Chinese President Xi Jinping is in the U.S. this weekend for informal talks with President Obama. Professor Victor Cha discusses what topics will be on the agenda, the informality of the talks, and what he expects to be the outcome of the meetings.
Archive for the 'EastAsiaWeeklyReview' Category
Is China finally getting fed up with North Korea? Professor Victor Cha discusses the response pattern and motives of North Korea's biggest ally.
Retired basketball player, Dennis Rodman, and several members of the Harlem Globetrotters surprised the rest of the world when they arrived in Pyongyang on Tuesday to film for a new HBO series, Vice. With tensions between the U.S. and the DPRK as high as ever, will "basketball diplomacy" make a difference? Professor Victor Cha discusses his thoughts on the goodwill visit.
On February 12, 2013, North Korea conducted its third underground nuclear test. Dr. Victor Cha discusses the implications and new security concerns brought about by this latest test.
Hahm Chaibong is the President of the Asan Institute for Policy Studies in Seoul, Korea. Previously, he was a professor in the School of International Relations and the Department of Political Science as well as the Director of the Korean Studies Institute at the University of Southern California (2005-2007), Director of the Division of Social Sciences Research & Policy at UNESCO in Paris, France (2003-2005). He received a B.A. in economics from Carleton College and a M.A. and a Ph.D. in political science from the Johns Hopkins University. He has been a visiting professor at Duke, Georgetown, and Princeton Universities and a visiting fellow at the International Forum for Democratic Studies in Washington. DC.
On January 28, 2013, Mr Hahm discussed the issues in Asia from a Korean perspective. What has been the history/conflicts in the Northeast Asia region? Will the new leadership in China affect any changes in the country's domestic and international policies? Now that the LDP has been reinstated at the ruling party of Japan, will we see a return to business as usual? Will North Korean maintain its course of provations and nuclear program development under Kim Jong Eun? Listen to the podcast to find out about these.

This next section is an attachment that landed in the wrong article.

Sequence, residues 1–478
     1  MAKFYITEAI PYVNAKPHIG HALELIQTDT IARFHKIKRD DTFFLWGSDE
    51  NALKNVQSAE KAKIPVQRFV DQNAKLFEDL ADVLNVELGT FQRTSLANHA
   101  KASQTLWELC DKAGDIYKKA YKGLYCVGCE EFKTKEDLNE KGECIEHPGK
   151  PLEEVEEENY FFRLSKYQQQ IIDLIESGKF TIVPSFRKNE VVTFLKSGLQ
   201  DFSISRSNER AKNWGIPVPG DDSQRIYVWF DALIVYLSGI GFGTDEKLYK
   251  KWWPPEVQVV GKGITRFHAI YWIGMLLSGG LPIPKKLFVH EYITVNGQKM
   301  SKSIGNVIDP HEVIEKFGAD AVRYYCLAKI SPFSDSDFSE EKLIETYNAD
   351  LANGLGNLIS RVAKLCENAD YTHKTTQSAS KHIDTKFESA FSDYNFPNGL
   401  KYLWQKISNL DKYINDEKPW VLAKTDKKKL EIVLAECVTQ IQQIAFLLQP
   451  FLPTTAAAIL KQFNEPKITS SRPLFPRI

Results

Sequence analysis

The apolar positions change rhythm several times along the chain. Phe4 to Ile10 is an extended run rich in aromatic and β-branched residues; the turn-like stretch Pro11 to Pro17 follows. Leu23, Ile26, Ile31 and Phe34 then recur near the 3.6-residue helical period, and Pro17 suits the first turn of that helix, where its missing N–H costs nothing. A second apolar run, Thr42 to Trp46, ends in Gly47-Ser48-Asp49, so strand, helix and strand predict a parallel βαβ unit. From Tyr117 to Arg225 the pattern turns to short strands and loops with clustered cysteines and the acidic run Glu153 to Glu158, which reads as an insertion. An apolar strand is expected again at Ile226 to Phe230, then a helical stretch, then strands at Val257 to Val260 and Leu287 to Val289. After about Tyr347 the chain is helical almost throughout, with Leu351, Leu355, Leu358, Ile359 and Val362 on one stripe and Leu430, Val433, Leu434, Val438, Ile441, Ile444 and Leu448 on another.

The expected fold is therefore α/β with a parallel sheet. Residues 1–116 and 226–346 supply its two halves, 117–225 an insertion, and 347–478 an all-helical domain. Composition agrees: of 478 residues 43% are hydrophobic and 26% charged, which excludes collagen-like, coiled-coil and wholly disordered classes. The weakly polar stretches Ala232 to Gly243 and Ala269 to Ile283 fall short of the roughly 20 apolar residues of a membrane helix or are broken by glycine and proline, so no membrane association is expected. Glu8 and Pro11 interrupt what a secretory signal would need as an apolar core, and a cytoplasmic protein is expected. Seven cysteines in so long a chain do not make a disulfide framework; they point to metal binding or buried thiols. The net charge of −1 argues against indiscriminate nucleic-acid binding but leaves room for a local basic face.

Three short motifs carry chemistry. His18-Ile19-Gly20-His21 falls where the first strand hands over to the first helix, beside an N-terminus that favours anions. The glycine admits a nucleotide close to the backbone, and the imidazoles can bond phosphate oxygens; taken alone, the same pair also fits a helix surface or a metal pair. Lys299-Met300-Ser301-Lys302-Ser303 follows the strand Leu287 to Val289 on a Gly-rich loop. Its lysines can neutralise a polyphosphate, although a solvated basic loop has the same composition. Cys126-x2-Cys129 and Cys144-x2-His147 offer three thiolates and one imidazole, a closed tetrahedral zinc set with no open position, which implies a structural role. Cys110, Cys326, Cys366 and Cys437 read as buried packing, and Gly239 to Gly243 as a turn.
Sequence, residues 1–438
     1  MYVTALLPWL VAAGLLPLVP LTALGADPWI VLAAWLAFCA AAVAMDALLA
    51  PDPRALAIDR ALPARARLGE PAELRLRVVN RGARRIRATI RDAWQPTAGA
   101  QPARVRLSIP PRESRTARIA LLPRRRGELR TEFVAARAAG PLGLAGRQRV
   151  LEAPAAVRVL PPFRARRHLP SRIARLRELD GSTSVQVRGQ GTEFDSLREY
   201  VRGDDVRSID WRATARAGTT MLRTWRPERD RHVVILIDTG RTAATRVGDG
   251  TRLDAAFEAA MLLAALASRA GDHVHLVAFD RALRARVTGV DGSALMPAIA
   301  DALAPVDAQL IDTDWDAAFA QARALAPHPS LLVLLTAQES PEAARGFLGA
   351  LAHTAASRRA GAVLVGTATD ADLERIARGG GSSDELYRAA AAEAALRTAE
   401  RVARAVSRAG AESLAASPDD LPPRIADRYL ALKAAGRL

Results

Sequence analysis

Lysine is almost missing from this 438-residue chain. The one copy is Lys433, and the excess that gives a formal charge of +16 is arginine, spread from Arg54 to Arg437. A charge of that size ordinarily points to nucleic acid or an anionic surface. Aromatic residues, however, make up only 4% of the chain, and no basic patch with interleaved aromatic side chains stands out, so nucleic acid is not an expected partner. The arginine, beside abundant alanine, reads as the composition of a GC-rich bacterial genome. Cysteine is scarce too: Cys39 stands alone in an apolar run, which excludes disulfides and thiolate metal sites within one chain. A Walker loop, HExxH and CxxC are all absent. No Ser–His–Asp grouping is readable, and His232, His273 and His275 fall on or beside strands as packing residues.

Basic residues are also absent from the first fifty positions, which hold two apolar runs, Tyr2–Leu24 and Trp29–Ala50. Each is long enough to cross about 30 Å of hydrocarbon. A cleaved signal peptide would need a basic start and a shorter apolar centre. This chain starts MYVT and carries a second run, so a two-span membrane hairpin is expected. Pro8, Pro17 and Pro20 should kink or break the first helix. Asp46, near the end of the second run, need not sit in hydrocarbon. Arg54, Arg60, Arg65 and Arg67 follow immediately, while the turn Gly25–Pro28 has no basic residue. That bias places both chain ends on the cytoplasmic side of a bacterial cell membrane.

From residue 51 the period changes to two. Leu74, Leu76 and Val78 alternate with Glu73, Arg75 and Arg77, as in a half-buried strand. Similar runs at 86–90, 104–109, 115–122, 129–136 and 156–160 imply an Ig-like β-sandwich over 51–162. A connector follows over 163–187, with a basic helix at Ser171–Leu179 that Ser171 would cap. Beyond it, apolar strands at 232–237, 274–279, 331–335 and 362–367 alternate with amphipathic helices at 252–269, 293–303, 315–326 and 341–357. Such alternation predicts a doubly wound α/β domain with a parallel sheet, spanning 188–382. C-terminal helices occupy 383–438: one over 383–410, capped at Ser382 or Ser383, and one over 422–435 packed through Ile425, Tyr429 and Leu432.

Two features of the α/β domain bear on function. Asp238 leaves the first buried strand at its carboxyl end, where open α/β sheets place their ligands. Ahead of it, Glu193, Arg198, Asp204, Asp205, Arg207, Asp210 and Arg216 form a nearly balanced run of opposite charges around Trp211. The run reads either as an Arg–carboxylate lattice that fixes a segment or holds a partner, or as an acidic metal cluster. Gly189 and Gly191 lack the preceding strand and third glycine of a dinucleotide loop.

Kristen Looney is an assistant professor of Asian Studies at Georgetown University’s Edmund A. Walsh School of Foreign Service, where she teaches courses on Chinese politics. Dr. Looney completed her PhD in Government at Harvard University in 2012. Trained as a comparative political scientist, her research focuses on the politics of rural development in East Asia. Her dissertation examines the relative success or failure of rural development policies in China (2000s), Taiwan (1950s-1970s) and South Korea (1950s-1970s), and advances a theory that specifies the varying contributions of land reform, farmers’ organizations and campaigns in rural development. Dr. Looney’s graduate work was sponsored by the National Science Foundation’s Graduate Research Fellowship Program, the Fulbright-Hays Program, the Blakemore Foundation, the Foreign Language and Area Studies Fellowships Program, and the Weatherhead Center for International Affairs at Harvard. Dr. Looney holds a B.A. from Wellesley College in Chinese Studies. She is fluent in Chinese and has some training in Korean language as well.
Professor Michael Green, as part of a U.S. delegation, recently returned from Burma/Myanmar where he met with Burmese leaders, including President Thein Sein, as well as Aung San Suu Kyi to discuss the recent reforms underway in the country. Professor Green will give us "the good news and the bad news" about the developing situation in Burma/Myanmar.
Compared to the 2008 Summer Olympics in Beijing, there has been a significant lack of politics surrounding the London Games, says Professor Victor Cha. Can we expect the competition between the U.S. and China to be intense this summer?
Professor Michael Green comments on the implications of Pyongyang's failed 'rocket' launch even as expectations of a potential nuclear test grows. Should the US "ratchet up the pressure" on China to restrain North korea?